The Pricing Paradox

The Pricing Paradox

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Pricing is one of the trickiest elements of running any business. Whether you are selling cars or houses, wingnuts or laptops, the price point you decide on can make or break your business.


Set prices too high and you can freeze yourself out of the marketplace. But setting prices too can not only cut into your profits, but also frame your products as low-end or cut-rate.


Pricing is especially complicated for entrepreneurs who essentially are selling themselves in the form of their brand. Many take an accountant’s approach to profits:


In order to make $XX,XXX amount of money in a week/month/year, I have to make YY,YYY number of sales at a price of $ZZ.


That’s a lot of variables! It’s also TOO MUCH MATH (Brain explodes!)


But the pricing paradox is universal. It’s something that every entrepreneur, business owner, and even corporate CEO have to grapple with all the time.


Yet you shouldn’t let it ruin your day. In fact, the pricing paradox is completely fixable. Setting the perfect price point is even EASY once you know how to do it!


So let’s learn how …


Common Pricing Errors


Before we get to the right way to set pricing, let’s look at the biggest mistake most people make: Underestimating their value.


Like most new entrepreneurs, I entered my chosen marketplace wanting to make a name for myself. But I also had the intelligence to realize that NOBODY KNEW WHO I WAS.


So in order to instantly stand out from all the rest of the competition, I offered my services at drastically discounted prices.


This had two results:


  • It instantly brought me a lot of business
  • It simultaneously had me working my rear end off and not getting anywhere financially


This is actually very very common … especially among people making the jump from traditional 9-to-5 office work to the exciting world of owning their own business.


When you work for a company, most of the real costs of running that business are behind the scenes. You punch the clock. So you don’t worry about things like paying the rent on office space, utility bills, insurance, taxes, vacations, sick time, and overhead.


But when you jump into the driver’s seat, all of these things are now YOUR responsibility.


So when you set your prices low to establish your reputation and build your client base, you actually often end up LOSING MONEY rather than making it. And that’s not a sustainable business model.


Yes, losses are generally considered to be an acceptable part of a new business. In fact, any MBA program will teach you that they need to be built into your startup costs. But you can’t bleed money forever.


Eventually, you need to get paid what you are worth.


Determining Your Value


Undervaluing your worth when you first launch your business is actually very common. But successful businesses sooner rather than later make the pivot to proper pricing.


The first thing you need to do is understand your true costs. A month or two of running your business should be enough to gain the knowledge you need to estimate your business expenses.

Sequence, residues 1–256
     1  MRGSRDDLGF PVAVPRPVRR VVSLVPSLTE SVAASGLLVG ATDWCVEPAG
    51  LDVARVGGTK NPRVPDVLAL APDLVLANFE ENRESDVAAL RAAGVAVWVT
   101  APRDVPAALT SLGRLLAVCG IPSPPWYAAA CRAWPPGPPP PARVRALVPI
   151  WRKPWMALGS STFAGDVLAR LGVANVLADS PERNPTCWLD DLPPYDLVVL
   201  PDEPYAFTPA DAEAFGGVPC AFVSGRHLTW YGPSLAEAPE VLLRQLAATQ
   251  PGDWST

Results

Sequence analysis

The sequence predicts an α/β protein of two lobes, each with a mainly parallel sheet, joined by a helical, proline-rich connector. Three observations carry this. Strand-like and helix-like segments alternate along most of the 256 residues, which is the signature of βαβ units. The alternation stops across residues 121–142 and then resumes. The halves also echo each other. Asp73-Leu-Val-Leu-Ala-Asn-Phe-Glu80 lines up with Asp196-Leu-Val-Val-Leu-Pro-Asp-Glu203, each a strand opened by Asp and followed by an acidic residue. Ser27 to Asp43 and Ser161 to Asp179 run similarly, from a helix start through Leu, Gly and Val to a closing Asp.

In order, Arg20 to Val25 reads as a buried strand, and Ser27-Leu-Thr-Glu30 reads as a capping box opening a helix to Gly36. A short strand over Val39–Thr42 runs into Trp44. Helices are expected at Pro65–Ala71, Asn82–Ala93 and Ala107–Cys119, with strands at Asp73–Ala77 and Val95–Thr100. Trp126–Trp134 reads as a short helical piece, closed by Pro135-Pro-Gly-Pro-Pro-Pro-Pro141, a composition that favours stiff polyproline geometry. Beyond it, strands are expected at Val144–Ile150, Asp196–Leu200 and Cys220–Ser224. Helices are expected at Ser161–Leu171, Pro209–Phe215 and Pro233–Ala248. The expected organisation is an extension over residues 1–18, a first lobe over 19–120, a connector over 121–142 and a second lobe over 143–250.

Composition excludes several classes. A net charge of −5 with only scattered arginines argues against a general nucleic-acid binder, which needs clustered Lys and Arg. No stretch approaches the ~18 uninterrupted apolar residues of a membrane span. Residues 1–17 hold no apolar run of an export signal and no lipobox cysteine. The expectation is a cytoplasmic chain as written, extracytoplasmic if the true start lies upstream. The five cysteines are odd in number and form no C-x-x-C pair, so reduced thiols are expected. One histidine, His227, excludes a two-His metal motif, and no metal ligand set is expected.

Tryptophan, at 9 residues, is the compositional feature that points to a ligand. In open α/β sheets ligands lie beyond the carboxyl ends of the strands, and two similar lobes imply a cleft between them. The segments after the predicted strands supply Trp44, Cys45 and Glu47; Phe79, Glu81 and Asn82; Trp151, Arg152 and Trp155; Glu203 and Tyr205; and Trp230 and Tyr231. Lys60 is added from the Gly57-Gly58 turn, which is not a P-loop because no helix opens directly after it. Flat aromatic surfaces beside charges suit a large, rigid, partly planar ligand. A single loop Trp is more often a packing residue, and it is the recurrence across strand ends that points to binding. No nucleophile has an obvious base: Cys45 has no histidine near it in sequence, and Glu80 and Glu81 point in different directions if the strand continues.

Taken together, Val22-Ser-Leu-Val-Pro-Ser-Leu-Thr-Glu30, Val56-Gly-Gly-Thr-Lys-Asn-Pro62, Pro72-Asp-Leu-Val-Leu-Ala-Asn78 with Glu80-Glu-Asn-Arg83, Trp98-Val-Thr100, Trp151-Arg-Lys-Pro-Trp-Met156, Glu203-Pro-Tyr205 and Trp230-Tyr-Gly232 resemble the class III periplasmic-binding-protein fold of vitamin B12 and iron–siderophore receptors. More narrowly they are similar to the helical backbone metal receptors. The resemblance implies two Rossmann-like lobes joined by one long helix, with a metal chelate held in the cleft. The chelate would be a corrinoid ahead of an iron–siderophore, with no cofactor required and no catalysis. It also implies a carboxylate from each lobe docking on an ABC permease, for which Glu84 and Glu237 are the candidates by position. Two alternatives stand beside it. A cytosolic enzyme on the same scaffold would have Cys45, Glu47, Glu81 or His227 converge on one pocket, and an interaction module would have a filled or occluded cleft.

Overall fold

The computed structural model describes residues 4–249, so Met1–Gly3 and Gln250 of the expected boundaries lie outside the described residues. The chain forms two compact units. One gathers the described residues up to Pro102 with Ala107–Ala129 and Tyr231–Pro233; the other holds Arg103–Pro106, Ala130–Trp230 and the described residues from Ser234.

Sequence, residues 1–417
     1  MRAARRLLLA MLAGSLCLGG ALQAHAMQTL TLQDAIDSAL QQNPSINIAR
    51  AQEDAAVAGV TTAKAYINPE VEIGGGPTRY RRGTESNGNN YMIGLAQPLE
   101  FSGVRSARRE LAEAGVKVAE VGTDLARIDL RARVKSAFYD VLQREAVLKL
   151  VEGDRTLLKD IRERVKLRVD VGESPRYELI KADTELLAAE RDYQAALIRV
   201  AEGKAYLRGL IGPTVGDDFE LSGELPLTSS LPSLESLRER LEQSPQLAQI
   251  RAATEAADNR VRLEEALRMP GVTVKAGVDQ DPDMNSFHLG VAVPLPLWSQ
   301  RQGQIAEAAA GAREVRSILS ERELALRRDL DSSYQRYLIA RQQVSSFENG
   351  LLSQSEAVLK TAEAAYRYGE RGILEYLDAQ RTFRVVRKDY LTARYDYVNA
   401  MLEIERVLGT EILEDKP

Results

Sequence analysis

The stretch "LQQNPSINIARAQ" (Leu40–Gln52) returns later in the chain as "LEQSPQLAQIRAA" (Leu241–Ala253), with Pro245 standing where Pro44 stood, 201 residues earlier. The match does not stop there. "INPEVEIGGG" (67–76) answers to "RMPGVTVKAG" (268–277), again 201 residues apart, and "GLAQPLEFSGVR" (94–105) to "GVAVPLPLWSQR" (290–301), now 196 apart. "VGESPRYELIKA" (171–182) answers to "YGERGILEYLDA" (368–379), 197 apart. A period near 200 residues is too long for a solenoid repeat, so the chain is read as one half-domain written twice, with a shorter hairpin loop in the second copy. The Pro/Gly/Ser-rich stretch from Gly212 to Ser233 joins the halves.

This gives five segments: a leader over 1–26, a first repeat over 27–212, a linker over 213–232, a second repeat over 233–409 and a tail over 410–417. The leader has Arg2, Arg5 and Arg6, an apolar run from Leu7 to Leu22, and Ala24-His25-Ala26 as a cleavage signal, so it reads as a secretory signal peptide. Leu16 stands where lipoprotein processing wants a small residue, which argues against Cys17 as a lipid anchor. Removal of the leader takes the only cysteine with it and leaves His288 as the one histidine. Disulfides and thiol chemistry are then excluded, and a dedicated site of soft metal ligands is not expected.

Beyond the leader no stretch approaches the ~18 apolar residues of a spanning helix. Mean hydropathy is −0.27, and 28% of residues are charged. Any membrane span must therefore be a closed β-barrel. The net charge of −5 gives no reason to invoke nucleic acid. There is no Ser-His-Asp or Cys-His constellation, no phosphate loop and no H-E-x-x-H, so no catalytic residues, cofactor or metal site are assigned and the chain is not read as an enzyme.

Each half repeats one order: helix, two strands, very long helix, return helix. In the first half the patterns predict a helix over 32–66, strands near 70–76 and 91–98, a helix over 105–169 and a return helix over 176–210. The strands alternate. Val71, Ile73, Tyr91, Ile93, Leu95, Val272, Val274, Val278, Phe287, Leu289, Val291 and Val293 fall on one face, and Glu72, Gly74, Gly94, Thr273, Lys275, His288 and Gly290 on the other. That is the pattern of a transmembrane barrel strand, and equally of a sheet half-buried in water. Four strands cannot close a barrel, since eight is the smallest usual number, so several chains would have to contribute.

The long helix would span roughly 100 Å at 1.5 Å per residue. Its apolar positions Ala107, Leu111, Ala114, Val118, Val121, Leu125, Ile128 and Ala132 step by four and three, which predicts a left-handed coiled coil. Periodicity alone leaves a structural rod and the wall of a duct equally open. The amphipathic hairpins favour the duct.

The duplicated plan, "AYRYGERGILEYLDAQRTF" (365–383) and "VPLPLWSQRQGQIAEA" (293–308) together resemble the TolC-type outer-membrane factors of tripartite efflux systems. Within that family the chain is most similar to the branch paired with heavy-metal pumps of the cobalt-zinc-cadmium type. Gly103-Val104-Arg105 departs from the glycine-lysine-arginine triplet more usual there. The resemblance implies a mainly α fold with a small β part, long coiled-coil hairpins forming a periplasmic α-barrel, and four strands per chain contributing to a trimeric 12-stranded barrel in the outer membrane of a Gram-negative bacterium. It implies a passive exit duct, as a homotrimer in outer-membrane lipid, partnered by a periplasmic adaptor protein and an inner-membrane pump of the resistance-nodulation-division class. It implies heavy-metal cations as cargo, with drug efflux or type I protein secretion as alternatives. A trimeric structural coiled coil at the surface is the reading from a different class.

Once you can put a dollar amount to your true costs, then you can start to build the formula you need to set your most beneficial price point.


Raising Prices


Now comes the really tricky part: Convincing all those clients you attracted with bargain basement pricing to start paying you what you actually are worth.


Plus, appealing to new clients who are open to paying your new (higher) prices.


There are a couple of important factors to keep in mind:


  • You Are Worth It – You need to prove that your are unique and valuable. Show that the products or services you offer are superior and represent a strong price-value proposition.


  • Say Goodbye to Unwilling Clients – If your current clients balk at paying you what you are worth, it’s probably time to say goodbye. You are growing as a business owner and if they aren’t willing to grow with you, then you will need to replace them with new clients who will.


  • Make the Transition Easier for Your Clients – But before you write off any old business, make sure you doing everything you can to hold onto them. This may include “grandfathering” in your original clients at a lower rate (temporarily) until you can grow your business at your higher price point. Or it can mean scaling back the products and service your offer at the lower prices and gradually introducing new pricing for bigger and better products or services.


  • Offer Additional Value – One of the most effective ways to get higher prices for existing products is to offer additional value. This can take the form of faster or free delivery, improved quality, better and more responsive customer service, and so on. What you offer is going to be specific to our business. But offer SOMETHING.


Your Business Goal


Raising prices is never easy. But it’s almost always necessary.


Ultimately, it comes down to setting your business goal: Do you want to grow and be more successful (YES!) or do you want to be loyal to your existing client base at the ultimate cost of your livelihood (NO!).


When it’s time to raise prices, you will need to be confident enough in your abilities to prove to your existing and future clients that you are worth their investment in your business.


And when you can do that, the result is … PRICELESS!


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